Does anyone know Rhodes-Vivour’s family origin in Yorubaland?
| Culture / Re: Where Does The Name Yoruba Come From? by akigbemaru: 11:16am On Jun 30|
As an ethnic description, the word "Yoruba" was first recorded in reference to the Oyo Empire in a treatise written by the 16th century Songhai scholar Ahmed Baba.
It was popularized by Hausa usage and ethnography written in Arabic and Ajami during the 19th century, in origin referring to the Oyo exclusively.
The extension of the term to all speakers of dialects related to the usage of the Oyo (in modern terminology North-West Yoruba) dates to the second half of the 19th century.
It is due to the influence of Samuel Ajayi Crowther, the first Anglican bishop in Nigeria. Crowther was himself a Yoruba and compiled the first Yoruba dictionary as well as introducing a standard for Yoruba orthography.
The alternative name Akú, apparently an exonym derived from the first words of Yoruba greetings (such as Ẹ kú àárọ? "good morning", Ẹ kú alẹ? "good evening"wink has survived in certain parts of our diaspora as a self-descriptive, especially in Sierra Leone.
The first name the Yorubas were called was Yoruba.
What does that mean? I carried on, Samuel Ajayi Crowther in his Yoruba dictionary defines ‘Yoruba’ as a bastard and deceitful person in Hausa.
Another description comes from the Dr Taiwo Ayanbolu who insisted Yoruba is a name derived from Hausa language which means deceit. He claimed he found the definition at York Museum in England dating to the 19th century.
It has been recorded that the Hausa-Fulani who had been in contact with the Yoruba even before the rise of Oyo Empire had for some reasons chosen to call us Yoruba, or Yaribansa. Perhaps this might have been a result of Yoruba people’s bargaining skills which often made the Fulani traders fall victim of trade by barter.
Some say that the word Yoruba started protruding during the clash between Yoruba and Fulani that steered the lost of Ilorin to them in the 18th century.
Professor Ade Ajayi in “Yoruba Warfare in the Nineteenth century” insisted that during the indirect rule era, it was necessary for the imperialists to give a unique name to the entire towns and people who spoke Yoruba language.
Somehow, they settled for Yoruba. Yoruba is a deviation of Yoruba which the Yoruba people of that century rejected. The Ijebu, Ijesa and Egba rejected this name vehemently but because during the Kiriji war (the Yoruba civil war) where the collapse of Oyo Empire commenced and the signalling factor the imperialists used to prompt the rule over Oyo from covers.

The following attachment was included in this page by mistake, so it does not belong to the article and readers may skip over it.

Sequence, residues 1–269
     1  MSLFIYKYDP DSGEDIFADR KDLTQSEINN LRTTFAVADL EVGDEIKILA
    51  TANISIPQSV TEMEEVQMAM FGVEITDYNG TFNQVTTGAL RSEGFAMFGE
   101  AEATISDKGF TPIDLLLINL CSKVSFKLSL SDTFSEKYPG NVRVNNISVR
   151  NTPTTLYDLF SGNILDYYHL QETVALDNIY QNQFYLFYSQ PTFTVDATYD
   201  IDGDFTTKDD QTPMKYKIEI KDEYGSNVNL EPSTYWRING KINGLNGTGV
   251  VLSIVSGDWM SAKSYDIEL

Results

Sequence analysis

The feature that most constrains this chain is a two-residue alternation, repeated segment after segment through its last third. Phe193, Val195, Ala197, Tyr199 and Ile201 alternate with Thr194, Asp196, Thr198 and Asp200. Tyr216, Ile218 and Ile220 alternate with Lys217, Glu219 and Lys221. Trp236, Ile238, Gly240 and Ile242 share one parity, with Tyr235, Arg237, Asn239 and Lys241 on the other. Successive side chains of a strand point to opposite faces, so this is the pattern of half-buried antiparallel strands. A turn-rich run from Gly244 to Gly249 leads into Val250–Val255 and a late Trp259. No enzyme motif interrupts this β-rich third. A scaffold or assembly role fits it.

The name Yoruba was foisted on Oyo and Ibadan mainly on documents and slowly the name Yoruba was enshrined in our culture and hence, our appellation. Research shows that the Egba were the last to accept Yoruba as their appellation, reason coming from facts emanating from the first newspaper published in Yorubaland in 1859, goes: Iwe Iroyin Fun Ara Egba Ati Yoruba. This indicates that the Egba refused the name Yoruba as at 1859.
Furthermore, in the Ifa Corpus there's no Odu where we were referred to as Yoruba, rather, it is as Omo Kaaro Ojiire, Omo Oduduwa or Omoluabi.
Thus said, the word Yoruba is new in our vocabulary and it is a way of showing we accepted a negative appellation dropped on us by hostile foreigners.
Debo Kayode Ogunranti
| Culture / Re: The Igbos & Yorubas Of Sierra Leone by akigbemaru: 11:12am On Jun 30|
The Igbos and Yorubas are not indigenous to Sierra Leone but they played enormous roles in this country as freed slaves long before the nineteenth century. They were known in Sierra Leone as Ibos (or Ebos) and Akus. The Ibos were Christians while the Akus were principally Muslims.
Today, most of the Ibos and Akus in Sierra Leone have been absorbed into the Sierra Leone Creole people.
Sierra Leone Creole ethnic construction was naturally done by the mingling of the newly freed blacks, Nova Scotians, Jamaican Maroons and Liberated Africans such as the Akan, Bakongo, Igbo and Yoruba - over several generations in the late 18th and early 19th centuries.
Some of this information and history hold several advantages for the Nigerian people. It reveals who we are as a people and how we can have a common ground to forge a new identity without erasing our history. For example, in present-day Agbor, some people who have Igbo names and even practice a very similar culture to the Igbos claim that they are not Igbos, a phenomenon that gained ground after the civil war.
However, history tells us that before the 18th century, the people of Agbor and indeed some parts of the present-day Delta State and Edo State identified as Igbo.
Richard F. Burton and Verney Lovette Cameron, travellers who sojourned West Africa in their book "To The Gold Coast for Gold" published in 1883 noted that Agbor didn't only identify as Igbo but also was known as the HEADQUARTER of Igboland. The Yoruba people in Sierra Leone were known as Aku.
In volume 2 of To The Gold Coast for Gold, the Igbos of Sierra Leone were described as "Swiss of the community". Here is what the authors wrote:
"The Ibos, or 'Eboes' of American tales, are even more divided (diverse); still they feel and act upon the principle 'Union is strength.' This large and savage tribe, whose headquarters are at Abo, about the head of the Nigerian delta, musters strong at Sá Leone; here they are the Swiss of the community; the Kruboys, and further south the Kabenda-men being the 'Paddies.'